The leader of the Indigenous People of Biafra, Nnamdi Kanu, has applied to the Federal High Court in Abuja to restore his revoked bail in order for him to return to the country for his trial on charges of treasonable felony.
Kanu, a dual citizen of Nigeria and the United Kingdom, who is believed to be residing in the UK, also asked the court to ensure that security agencies would guarantee his safety on his return to the country for trial.
He and others were facing treasonable felony charges at the court before he left the country in 2017.
His disappearance from the country followed the invasion of his home in Abia State during the ‘Operation Python Dance’ staged by the Nigerian Army in the South-East states to quell the agitation for the Republic of Biafra in September 2017, among others.
Justice Binta Nyako had subsequently separated his trial from that of his co-defendants so that their trial could progress.
Due to Kanu’s continued absence from court, the judge, on March 28, revoked the bail she granted to him in April, 2017, ordered his arrest and that the trial be continued in his absence.
His lawyer, Ifeanyi Ejiofor, on Thursday informed Justice Nyako that he had on April 1, 2019 filed for Kanu an application praying the court to set aside the March 28, 2019 order.
An affidavit filed in support of the application read in part, “That the applicant is ready to stand his trial, if the safety of his life can be guaranteed by the Nigerian security agencies.
“That the applicant did not jump bail and has not voluntarily abstained from his trial to warrant the revocation of his bail and the subsequent order for his arrest.”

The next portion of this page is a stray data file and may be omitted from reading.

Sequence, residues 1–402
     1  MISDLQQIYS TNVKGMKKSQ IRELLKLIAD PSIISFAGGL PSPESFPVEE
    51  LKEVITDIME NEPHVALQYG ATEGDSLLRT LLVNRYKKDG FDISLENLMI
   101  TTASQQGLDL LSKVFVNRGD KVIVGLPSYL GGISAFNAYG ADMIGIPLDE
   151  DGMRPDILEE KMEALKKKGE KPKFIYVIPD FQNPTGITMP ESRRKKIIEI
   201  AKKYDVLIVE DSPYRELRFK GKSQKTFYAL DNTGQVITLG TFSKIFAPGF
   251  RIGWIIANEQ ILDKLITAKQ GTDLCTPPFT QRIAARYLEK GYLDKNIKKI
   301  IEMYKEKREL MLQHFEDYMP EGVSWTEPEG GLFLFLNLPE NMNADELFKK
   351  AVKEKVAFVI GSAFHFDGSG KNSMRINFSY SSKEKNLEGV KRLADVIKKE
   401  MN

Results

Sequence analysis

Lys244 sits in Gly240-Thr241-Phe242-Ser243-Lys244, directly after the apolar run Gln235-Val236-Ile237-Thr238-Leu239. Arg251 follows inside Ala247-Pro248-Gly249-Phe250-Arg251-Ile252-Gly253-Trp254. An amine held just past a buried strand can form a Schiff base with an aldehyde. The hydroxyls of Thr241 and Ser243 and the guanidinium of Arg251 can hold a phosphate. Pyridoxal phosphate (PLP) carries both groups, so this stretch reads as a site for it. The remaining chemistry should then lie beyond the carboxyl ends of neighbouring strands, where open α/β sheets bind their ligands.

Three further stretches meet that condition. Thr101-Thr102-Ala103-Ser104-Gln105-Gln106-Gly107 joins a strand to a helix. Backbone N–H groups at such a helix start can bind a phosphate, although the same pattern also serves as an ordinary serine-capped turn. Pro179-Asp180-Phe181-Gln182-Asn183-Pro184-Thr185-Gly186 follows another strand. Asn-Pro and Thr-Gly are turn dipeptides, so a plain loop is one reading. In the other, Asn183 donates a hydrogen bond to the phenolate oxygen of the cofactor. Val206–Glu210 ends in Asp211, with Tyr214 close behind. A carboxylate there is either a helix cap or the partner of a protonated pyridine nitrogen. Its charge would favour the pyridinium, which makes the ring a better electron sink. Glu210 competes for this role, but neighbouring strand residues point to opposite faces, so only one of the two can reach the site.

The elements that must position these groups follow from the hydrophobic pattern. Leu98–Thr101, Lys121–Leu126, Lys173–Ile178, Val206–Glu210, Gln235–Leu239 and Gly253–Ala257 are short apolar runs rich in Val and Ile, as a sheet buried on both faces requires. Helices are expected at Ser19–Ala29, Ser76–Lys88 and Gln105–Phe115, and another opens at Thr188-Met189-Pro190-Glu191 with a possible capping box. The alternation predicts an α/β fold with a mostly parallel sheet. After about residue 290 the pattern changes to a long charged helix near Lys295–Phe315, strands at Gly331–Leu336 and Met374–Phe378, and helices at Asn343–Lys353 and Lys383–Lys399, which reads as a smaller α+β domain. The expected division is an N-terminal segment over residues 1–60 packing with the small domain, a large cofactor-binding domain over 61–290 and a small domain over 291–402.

The affidavit added that Kanu “was ever willing to stand trial but for the unprovoked attack and bloody invasion of his residence by the Nigerian soldiers” in Afara-Ukwu, Abia State on September 17, 2017.
It stated that the “murderous raid” by the soldiers “left 28 unarmed and defenceless persons dead and many people abducted/injured”.
“That the applicant narrowly escaped death by the whisker and his subsequent and consequential absence from court was not volitional but was occasioned by the murderous invasion of his premises by the Nigerian Army,” the affidavit added.
As grounds of the application, Kanu’s lawyer, Ejiofor, contended that the court’s order was “unconstitutional as it was made in clear violation of the applicant’s constitutionally-guaranteed rights to fair hearing”.
The lawyer said his client “was not given adequate time to adduce evidence and explain the circumstances which operated to make his attendance in court near impossible.”
He also argued that the business of the court on March 28, 2019, when the court order was issued, was not for such a purpose but for the hearing of the applications pending in the surety proceedings only.
The prosecuting counsel, Magaji Labaran, on Thursday, asked for time to file his opposition to the application.
Justice Nyako adjourned hearing till January 16.